PARLIAMENTARY PRIVILEGES IN INDIA: THE SURROUNDING PROBLEMS AND THE WAY FORWARD
Written by: Tejas Sateesha Hinder, Student, National Law Institute University, Bhopal
Each House of the Indian Parliament collectively and its members individually enjoy certain powers, privileges and immunities which are considered essential for them to discharge their functions and duties effectively without any hindrance. While the more important of these privileges, namely freedom of speech in Parliament and immunity of members from any proceedings in courts in respect of anything said or any vote given by them in Parliament, are specified in the Constitution, itself and some of them are specified in certain statutes and the Rules of Procedure and Conduct of Business in Lok Sabha, others are at present based on the precedents and conventions which have grown in this country, in terms of the provisions of the Constitution, until defined by Parliament by Law.
Incidents of Misuse of Parliamentary Privileges in India
1. June 21, 2017 when editors of two Kannada tabloids Ravi Belagere and Anil Raju of Hi Bangalore and Yelahanka Voice, were sentenced to a one-year prison term and a fine of Rs 10,000 by the Karnataka assembly headed by the Speaker K.B Koliwad, on a recommendation of the House Privileges Committee of Karnataka State Assembly for allegedly publishing defamatory articles against a few of its members.
2. A journalist's report on corruption in the secretariat of the Maharashtra legislature has been held to be a breach of privilege which lowers the prestige of the legislature. The episode is indicative of the rapidly deteriorating state of institutions of parliamentary democracy-legislatures, courts Of law, criminal investigation agencies, etc-in India.
The Blitz case (1951), the Searchlight case (1959), Keshav Singh case (1964), Eenadu Editor Ramoji Rao case (1984), K.P. Sunil & Ors case (1992), The Hindu case (2003) and the recent case of two senior scribes of Kannada tabloids (in which Karnataka House sentenced them to one year jail together with a fine of Rs.10,000 each for writing defamatory articles against legislators), are the direct result of the confusion born out of non-codification of legislative privileges
Points of Conflict
1. There is wide agreement on the nature and principles of privilege, but the questions relating to jurisdiction, which occasioned furious conflict in the past, are not fully resolved.
2. There have been two contrasting claims when it comes to the law concerning the parliamentary privileges. While the parliamentarians claimed that they were the exclusive judges of their privileges, the courts viewed the lex parliamenti as part of the law of the land and therefore within their judicial reach.
Conflict between Article 19(1)(A) and Power to Punish for Contempt
The fundamental right to freedom of speech and expression under Article 19(1)(a) has often come into conflict with the Parliament’s right to protect its privileges, particularly in relation to the freedom of the press. In India, the press is the most powerful organ that can influence and mobilize public opinion.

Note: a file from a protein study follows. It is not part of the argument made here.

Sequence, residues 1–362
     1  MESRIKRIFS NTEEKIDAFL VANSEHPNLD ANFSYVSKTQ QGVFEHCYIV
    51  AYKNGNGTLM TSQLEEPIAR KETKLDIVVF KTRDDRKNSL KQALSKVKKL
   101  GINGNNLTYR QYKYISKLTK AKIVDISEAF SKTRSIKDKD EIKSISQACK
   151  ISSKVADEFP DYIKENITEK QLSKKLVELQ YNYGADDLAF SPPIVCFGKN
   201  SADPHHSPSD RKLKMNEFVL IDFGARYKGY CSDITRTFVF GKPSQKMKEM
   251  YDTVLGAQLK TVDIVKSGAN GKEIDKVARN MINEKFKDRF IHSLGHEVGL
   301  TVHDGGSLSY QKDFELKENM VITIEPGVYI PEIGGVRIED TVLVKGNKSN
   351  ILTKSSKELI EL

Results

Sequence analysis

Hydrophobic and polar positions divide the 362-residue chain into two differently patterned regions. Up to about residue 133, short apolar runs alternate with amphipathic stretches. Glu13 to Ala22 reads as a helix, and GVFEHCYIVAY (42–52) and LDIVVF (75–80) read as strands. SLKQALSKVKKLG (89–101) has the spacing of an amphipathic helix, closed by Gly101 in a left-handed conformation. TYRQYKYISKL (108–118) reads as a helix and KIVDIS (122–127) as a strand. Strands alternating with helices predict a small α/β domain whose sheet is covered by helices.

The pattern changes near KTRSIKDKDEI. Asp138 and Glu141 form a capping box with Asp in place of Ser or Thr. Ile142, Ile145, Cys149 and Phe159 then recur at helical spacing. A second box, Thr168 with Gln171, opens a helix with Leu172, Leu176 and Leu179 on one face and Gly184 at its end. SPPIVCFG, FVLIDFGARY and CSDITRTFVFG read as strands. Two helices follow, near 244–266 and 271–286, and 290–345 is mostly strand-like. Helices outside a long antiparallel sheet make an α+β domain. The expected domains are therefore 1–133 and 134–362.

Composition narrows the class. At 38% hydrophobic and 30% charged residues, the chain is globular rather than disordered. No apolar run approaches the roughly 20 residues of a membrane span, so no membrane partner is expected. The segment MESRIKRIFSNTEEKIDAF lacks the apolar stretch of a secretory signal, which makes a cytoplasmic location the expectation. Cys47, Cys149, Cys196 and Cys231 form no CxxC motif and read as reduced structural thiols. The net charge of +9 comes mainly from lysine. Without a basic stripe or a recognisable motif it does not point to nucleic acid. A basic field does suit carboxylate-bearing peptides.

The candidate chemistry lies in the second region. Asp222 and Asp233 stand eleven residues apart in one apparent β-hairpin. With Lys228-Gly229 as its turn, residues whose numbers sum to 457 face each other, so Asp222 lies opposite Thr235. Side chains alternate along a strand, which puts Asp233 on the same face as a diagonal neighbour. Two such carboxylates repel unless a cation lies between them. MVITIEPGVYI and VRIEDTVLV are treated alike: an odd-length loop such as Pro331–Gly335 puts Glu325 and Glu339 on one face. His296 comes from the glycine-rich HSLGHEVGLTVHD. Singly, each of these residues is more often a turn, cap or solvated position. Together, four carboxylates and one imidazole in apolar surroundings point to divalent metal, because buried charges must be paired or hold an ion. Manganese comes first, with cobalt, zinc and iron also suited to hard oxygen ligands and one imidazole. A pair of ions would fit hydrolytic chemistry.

The specific issue regarding the conflict between freedom of the press under Article 19(1)(a) and the Speaker’s power to punish for the contempt came before the Supreme Court in M.S.M. Sharma v. Shri Krishna Sinha. It is argued that the Court’s decision in M.S.M. Sharma was per incuriam its decision in Gunupati Keshavram Reddy v. Nafisul Hasan and the State of U.P and gravely undermined the sacrosanctity and inviolability of the fundamental rights.
I. First, these rights are part of the basic structure of the Indian constitution and thus cannot be trampled by a provision such as Article 105 or 194.
II. Second, these Article 105 and Article 194 carry the limitation “Subject to the provisions of this Constitution” which implies that their scope cannot extend beyond or prevail over the fundamental rights guaranteed under Part III.
Conflict between Contempt and Article 21
I. First, there is no precedent value of any of the decisions of the Speaker or the recommendations of the Committee on Parliamentary Privileges, which allows ample scope for arbitrariness and fluctuating standards in each case.
II. Second, the non-application of Article 21, as was done in A.M. Paulraj closes all doors for the test of fairness and reasonableness of penal sanction, which is a basic principle of criminal law.
III. Third, despite the fact that the standard of proof for criminal conviction is beyond reasonable doubt in the light of the fact that imprisonment places a complete restriction on one’s liberty, in the case of imprisonment by the House, this standard is not followed. In fact, persons are imprisoned even without the requirement of a mala fide intention or mens rea. This is demonstrated by the case of M.S.M. Sharma, wherein the Petitioner was punished despite the fact that he neither had knowledge that the said portion has been expunged nor a mala fide intent.